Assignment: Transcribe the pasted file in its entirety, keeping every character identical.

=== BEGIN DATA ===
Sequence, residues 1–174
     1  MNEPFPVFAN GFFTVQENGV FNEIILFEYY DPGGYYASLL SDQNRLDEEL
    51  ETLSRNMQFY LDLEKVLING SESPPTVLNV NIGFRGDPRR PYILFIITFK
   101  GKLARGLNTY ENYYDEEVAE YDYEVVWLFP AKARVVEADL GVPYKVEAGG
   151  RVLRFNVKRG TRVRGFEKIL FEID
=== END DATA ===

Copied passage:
Sequence, residues 1–174
     1  MNEPFPVFAN GFFTVQENGV FNEIILFEYY DPGGYYASLL SDQNRLDEEL
    51  ETLSRNMQFY LDLEKVLING SESPPTVLNV NIGFRGDPRR PYILFIITFK
   101  GKLARGLNTY ENYYDEEVAE YDYEVVWLFP AKARVVEADL GVPYKVEAGG
   151  RVLRFNVKRG TRVRGFEKIL FEID